Friday, February 13, 2009

(another chapter from The Brides of March: Memoir of a Same-Sex Marriage)

One Bad Experience

It was over a month later that we had our first jarring experience. It was our pediatrician—now our former pediatrician—who was seeing Duncan for a bizarre incident when, for no apparent reason, he fainted in class. The doctor, who I had liked previously, examined him, looked in his eyes, tested his reflexes, prodded him in the stomach, and declared him fit as a fiddle.

During the examination, the doctor asked how much television he watched, and she was thrilled that he watched almost none (pediatrician’s love this), high-fived him, and we would probably have gone away content, except that Duncan said, “We’ve seen more television lately, because of the news, and being on the news,” which meant telling the doctor that we’d gotten married; no big deal, I thought. She smiled, said she’d wondered if she’d see anyone she knew on the news, and that she hadn’t seen us.

Then I told her, casually, that the protesters had really upset Duncan. She stiffened, saying, “Well, they have a right to their opinion.” I didn’t know what to say; that was true, and no one had tried to stop them. The one man had held a sign, unimpeded, and the other had screamed vile things at us, coming within inches, scaring us, and we said nothing. The doctor went on, speaking directly to Duncan. “You’ll just have to think about it for yourself, over time, and decide for yourself if you think they’re right or not.”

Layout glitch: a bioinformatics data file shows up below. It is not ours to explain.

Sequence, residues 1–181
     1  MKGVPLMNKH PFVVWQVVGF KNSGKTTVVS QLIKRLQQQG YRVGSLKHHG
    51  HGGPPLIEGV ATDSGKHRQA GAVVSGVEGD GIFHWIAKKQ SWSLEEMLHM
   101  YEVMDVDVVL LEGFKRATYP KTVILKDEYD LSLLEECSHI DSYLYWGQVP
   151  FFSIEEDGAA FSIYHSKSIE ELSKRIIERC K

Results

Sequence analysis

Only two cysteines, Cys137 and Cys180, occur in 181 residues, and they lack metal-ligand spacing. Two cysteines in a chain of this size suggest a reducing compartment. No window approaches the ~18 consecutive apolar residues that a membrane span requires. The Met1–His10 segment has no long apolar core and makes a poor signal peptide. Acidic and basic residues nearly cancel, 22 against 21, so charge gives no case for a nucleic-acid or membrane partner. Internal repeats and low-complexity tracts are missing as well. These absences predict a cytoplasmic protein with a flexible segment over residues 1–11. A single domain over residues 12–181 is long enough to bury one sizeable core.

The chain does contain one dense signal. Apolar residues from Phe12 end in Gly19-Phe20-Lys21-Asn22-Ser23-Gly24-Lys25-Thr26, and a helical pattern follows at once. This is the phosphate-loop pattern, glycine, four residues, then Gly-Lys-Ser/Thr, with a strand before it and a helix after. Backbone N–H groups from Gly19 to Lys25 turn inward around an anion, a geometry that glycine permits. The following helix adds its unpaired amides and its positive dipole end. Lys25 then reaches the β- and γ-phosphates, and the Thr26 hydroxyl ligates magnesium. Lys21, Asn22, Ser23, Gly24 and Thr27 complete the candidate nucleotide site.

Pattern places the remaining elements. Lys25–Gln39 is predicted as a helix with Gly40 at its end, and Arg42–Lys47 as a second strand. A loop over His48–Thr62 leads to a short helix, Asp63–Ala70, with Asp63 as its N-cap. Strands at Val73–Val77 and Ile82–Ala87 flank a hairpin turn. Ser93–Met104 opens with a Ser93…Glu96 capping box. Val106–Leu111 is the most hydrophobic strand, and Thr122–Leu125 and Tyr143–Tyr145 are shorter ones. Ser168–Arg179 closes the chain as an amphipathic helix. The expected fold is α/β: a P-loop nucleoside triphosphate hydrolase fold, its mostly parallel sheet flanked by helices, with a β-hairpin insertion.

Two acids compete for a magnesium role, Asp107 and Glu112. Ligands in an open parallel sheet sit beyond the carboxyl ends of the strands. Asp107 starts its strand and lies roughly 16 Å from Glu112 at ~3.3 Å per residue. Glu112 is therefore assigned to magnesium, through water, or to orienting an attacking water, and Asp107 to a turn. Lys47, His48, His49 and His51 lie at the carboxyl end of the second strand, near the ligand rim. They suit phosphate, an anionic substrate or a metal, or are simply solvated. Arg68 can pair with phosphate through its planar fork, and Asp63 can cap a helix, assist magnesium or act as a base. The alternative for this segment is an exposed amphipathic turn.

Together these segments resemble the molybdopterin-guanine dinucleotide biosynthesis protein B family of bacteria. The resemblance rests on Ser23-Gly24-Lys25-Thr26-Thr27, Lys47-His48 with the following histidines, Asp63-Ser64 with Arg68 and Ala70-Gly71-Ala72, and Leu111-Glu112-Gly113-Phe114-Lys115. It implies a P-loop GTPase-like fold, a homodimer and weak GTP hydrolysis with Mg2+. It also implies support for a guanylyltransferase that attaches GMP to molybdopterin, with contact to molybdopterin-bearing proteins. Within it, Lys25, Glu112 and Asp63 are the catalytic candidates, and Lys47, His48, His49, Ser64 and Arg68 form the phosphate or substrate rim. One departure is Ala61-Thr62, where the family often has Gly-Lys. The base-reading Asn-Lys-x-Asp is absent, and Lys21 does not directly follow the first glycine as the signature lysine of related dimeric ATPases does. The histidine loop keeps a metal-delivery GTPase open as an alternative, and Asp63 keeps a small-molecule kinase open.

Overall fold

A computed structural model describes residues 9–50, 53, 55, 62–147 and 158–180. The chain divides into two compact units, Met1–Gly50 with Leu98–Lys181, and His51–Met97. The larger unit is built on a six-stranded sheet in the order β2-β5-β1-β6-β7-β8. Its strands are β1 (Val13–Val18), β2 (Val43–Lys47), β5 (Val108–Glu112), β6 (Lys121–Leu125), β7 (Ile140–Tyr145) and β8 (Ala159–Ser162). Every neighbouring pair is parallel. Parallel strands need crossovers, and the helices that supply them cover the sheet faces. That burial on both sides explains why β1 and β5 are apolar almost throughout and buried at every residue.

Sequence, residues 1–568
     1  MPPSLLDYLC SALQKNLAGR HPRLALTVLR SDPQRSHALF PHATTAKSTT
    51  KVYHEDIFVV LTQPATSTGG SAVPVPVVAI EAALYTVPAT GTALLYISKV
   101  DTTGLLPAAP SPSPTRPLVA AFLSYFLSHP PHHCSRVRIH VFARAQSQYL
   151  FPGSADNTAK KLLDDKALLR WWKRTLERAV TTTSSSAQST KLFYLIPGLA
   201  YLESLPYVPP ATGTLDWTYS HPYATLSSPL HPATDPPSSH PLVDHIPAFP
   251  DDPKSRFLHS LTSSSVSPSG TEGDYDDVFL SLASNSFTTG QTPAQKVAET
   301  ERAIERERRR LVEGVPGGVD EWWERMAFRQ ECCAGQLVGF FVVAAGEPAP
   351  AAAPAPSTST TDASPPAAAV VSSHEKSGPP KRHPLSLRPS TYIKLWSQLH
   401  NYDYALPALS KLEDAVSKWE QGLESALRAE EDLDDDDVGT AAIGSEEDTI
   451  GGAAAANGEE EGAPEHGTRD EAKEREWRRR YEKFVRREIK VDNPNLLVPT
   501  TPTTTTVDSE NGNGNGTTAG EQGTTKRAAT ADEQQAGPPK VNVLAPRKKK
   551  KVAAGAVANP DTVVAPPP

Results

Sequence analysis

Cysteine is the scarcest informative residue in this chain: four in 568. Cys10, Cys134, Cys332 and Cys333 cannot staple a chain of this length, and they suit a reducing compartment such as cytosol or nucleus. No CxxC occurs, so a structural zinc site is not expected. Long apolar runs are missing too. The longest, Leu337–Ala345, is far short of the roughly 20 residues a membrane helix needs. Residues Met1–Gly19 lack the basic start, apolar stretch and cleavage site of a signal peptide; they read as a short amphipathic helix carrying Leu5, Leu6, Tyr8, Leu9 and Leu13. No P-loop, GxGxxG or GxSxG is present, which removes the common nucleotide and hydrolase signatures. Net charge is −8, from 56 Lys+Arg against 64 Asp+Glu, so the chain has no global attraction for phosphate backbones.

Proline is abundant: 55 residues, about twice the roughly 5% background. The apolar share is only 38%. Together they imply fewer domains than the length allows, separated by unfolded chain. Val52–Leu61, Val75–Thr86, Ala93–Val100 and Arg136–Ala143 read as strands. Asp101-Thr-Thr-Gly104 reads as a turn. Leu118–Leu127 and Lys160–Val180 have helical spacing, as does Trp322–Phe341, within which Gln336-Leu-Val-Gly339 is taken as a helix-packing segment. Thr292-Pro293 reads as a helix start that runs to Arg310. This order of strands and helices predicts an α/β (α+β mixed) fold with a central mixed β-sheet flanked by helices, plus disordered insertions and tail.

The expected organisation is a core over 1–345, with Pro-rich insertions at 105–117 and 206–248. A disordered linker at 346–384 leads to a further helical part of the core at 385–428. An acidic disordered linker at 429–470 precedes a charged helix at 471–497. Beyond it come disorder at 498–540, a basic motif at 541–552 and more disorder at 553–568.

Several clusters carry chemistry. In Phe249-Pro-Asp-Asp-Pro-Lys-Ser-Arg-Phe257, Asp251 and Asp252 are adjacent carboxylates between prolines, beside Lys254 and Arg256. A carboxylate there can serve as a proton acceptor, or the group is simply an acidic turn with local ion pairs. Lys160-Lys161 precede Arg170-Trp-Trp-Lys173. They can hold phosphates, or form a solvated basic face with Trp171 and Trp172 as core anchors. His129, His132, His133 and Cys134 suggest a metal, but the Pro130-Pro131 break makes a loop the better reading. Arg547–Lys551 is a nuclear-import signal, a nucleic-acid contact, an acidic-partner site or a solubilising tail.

Duncan was confused. He’d heard the protesters; how could she be asking whether or not he agreed with a person who was yelling, “Why don’t you marry your dog?” The nurse, who was in the room during this episode, chuckled, and said, “I think you’re going over his head. He’ll get it in a few years.” As if he was a little child, and not a twelve year-old with a brain.

Angry now, I told the nurse, “I think he’s already had the opportunity to show the courage of his convictions.”

We hastily concluded the visit, and I stewed on it for a week.

I thought about the assumptions the doctor and nurse seemed to imply. That Duncan wasn’t allowed to make up his mind for himself and was being goose-stepped toward gay liberation, and that the protesters were somehow oppressed by Duncan’s feelings. Did the doctor really imagine that what upset him was a difference of opinion? That the protesters had stood there silently? That they’d chanted, “No gay marriage,” or even, “Save the sanctity of marriage for straights,” statements that would have upset no one and expressed the same political or moral viewpoint? Did she feel that Duncan wasn’t allowed to be upset that someone had screamed hate at his parents, for hours, while we waited peacefully to take advantage of the Multnomah County Commissioners’ decision? That somehow the protesters’ rights were being denied, despite this being the first time in Multnomah County, and almost the country, that we have won on this issue?

We decided to change pediatricians. While she has every right to a differing opinion, would we want a doctor who, from her position of authority, suggests to our son that he question our equality?

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